Snow Crash

img_7621Book: Snow Crash by Neal Stephenson

Date Read: January 10 to 28, 2021

Rating: 4 (of 5) stars

I chose this book to meet my first bonus challenge for the 2021 Unread Shelf Project: a book that has been on your to read shelf for more than a year. There were many options to choose from for this, so I decided to reach way back. This is the book that I suspect may have been on my to read list the longest. Although I do not remember the exact date that I added it to my shelf, a friend recommended it to me when I was in middle school. That was around 20 years ago. I cannot say for certain why it took my so long to get to this one. The same friend recommended several other books and authors to me as well, and I have loved all of them. For some reason, this one always got pushed off.

Well, I am glad that I finally read it, and a bit irritated with myself for putting it off for so long. I am not a huge reader of science fiction—it’s not so much that I do not like it, but that I often find it a bit dense and can become overwhelmed by the necessary details and descriptions. I do not avoid the genre, but tend to lean toward the lighter side. Without much of a range for comparison, I would say this was a little more toward traditional science fiction than I am used to reading. Despite the step outside my comfort zone, I really enjoyed so much of what was happening here.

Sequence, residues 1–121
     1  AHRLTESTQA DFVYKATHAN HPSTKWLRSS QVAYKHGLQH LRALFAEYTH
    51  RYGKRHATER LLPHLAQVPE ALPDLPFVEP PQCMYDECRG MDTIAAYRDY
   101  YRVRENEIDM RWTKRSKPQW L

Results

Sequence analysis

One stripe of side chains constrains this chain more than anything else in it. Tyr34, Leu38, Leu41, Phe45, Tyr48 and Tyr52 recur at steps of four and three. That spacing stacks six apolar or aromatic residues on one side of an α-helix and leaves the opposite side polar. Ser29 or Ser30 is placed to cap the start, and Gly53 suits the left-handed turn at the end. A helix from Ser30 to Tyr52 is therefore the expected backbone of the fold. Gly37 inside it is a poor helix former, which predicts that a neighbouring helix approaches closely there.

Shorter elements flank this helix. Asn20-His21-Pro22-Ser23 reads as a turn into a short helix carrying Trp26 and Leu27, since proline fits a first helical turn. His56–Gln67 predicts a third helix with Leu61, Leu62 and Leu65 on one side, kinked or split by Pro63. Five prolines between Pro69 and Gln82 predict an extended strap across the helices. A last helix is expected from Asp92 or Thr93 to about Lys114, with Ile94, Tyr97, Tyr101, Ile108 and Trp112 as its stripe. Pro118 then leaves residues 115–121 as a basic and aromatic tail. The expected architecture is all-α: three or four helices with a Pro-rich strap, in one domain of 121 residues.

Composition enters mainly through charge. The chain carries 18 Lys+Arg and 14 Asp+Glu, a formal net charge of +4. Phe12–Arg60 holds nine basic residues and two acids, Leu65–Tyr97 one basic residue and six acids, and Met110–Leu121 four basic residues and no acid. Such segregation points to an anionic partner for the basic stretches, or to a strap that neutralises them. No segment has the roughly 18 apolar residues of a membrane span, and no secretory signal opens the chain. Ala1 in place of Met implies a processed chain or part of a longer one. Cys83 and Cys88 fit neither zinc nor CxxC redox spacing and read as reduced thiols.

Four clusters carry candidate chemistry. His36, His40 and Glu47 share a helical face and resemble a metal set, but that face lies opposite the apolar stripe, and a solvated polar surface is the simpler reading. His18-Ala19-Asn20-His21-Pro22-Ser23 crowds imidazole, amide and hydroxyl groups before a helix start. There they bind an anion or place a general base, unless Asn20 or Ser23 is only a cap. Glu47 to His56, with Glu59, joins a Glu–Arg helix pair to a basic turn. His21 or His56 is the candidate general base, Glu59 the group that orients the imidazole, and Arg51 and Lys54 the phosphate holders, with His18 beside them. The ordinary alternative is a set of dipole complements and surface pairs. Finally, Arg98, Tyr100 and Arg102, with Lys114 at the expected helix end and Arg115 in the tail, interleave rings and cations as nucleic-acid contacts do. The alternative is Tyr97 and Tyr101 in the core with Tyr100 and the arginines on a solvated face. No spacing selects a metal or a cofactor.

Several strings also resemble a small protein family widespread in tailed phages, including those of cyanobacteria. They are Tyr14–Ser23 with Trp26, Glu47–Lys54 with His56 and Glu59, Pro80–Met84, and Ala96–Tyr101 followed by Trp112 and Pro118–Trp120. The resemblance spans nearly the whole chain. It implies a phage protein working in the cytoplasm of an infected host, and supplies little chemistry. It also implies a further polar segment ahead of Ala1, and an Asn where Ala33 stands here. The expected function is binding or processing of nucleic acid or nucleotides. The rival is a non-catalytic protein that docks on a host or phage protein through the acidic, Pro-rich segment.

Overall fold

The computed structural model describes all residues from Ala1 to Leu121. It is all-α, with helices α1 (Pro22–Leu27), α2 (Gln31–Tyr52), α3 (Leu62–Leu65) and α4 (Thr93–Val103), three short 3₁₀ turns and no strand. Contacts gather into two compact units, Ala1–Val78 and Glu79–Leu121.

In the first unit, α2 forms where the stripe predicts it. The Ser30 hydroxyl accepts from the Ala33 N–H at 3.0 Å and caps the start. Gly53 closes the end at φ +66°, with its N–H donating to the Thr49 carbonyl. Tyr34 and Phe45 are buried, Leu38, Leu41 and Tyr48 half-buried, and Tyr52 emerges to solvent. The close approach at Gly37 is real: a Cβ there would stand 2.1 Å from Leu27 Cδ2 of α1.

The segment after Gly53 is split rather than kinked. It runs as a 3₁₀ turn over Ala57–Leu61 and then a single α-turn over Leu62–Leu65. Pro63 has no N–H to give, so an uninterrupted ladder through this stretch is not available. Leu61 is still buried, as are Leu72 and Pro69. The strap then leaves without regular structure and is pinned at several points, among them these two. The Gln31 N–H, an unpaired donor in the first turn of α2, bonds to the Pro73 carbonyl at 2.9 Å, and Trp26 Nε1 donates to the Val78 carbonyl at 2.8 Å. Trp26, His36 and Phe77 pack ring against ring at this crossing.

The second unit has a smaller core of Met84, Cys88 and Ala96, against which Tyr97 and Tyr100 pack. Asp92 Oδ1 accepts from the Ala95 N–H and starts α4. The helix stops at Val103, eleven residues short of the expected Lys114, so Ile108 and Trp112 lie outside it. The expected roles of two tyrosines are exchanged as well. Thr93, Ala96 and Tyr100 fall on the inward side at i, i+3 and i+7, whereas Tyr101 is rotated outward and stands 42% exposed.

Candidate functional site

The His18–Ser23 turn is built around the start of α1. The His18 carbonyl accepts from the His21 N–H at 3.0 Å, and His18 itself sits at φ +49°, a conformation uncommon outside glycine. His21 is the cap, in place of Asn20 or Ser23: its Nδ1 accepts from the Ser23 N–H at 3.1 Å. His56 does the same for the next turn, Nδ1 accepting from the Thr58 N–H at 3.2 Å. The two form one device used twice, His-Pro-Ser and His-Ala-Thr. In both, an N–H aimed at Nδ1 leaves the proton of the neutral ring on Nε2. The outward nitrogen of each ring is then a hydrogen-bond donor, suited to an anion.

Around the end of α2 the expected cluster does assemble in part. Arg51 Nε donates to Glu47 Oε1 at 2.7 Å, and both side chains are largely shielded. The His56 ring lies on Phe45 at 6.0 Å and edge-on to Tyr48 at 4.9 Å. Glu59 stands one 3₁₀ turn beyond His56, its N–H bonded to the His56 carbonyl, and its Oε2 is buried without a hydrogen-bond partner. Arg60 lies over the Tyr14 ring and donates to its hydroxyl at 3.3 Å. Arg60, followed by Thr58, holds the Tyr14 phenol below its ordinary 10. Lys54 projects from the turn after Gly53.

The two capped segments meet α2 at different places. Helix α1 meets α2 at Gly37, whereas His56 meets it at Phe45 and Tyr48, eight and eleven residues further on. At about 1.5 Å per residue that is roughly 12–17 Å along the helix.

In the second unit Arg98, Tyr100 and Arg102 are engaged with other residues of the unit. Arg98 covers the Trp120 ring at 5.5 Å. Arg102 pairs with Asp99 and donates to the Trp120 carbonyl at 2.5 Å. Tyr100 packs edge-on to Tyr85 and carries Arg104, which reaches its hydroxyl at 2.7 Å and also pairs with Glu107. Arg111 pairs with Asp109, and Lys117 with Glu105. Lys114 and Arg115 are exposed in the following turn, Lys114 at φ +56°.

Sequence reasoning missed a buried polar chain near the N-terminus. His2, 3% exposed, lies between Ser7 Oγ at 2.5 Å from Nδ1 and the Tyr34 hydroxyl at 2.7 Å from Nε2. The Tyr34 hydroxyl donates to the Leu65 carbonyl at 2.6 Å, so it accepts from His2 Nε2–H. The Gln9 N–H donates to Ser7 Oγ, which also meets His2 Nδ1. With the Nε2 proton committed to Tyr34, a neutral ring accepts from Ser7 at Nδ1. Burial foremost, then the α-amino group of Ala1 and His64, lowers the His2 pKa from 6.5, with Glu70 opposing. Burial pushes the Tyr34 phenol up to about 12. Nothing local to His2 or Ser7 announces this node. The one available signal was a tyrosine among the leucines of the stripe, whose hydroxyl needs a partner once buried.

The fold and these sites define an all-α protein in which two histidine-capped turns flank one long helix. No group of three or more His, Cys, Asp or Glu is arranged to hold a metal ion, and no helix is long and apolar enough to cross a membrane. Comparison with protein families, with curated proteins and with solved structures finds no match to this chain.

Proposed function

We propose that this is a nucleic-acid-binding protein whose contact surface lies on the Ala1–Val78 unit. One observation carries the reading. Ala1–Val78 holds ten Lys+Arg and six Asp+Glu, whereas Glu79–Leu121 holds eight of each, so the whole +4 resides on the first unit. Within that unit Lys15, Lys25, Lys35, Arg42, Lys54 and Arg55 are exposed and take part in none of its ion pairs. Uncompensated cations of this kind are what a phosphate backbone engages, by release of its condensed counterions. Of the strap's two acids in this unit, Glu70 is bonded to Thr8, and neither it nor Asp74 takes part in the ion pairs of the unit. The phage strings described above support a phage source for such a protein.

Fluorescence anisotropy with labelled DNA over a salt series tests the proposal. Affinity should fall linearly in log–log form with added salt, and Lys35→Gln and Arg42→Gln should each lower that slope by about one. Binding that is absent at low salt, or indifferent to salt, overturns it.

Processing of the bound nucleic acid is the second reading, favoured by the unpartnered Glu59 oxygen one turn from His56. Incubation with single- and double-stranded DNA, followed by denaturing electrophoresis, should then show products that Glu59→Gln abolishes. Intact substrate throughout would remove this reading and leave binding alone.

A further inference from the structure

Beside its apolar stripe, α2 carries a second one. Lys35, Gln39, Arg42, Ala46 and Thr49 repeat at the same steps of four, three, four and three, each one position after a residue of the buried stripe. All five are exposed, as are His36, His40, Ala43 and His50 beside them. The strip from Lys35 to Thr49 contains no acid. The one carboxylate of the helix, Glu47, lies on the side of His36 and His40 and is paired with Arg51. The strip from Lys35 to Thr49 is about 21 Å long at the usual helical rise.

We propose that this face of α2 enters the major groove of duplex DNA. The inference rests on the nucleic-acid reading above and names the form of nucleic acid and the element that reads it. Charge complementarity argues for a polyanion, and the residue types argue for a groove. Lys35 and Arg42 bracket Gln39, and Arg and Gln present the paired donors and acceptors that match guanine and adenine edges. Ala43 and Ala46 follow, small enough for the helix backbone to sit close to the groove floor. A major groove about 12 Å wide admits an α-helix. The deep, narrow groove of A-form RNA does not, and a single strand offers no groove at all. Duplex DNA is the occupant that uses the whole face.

The main plot had a really intriguing combination of ancient religions and modern ideas, with the perfect amount of absurdist humor. Also a unique situation when I refer to modern, as I truly do mean current despite the book being around 30 years old (more on that later). There were definitely some satirical elements that were current at the time of publication that still ring true today, but I found the connections to ancient mythology really fascinating, particularly as to related to the spread of information. Today, we talk about things going viral online, but this was long before that was in common usage or even that internet usage was widespread enough for it to reach so many. Stephenson really dug into the concept of virality, tying in the spread of culture while also pulling in the idea of a computer virus spreading to humans. While it obviously sounds a bit bizarre, the connections made felt really valid.

Coming back to the timeline, another interesting aspect to me was that this was a book set in the future, but not too far into the future. With this being a recommendation from so long ago, and the book released about 10 years earlier, I would put the time frame for the setting to be around now, possibly a few years ago. Given that, it was really interesting to me to see some accuracies (and inaccuracies) in the technology. While there are some things that might be attributed to the novel (like the popularization of the term avatar for someone’s online representation), there are many that are more likely to be either coincidence or some educated guesswork. Personally, I liked that there were some pretty spot on pieces with modern cell phone technology, but that pay phones were still in use.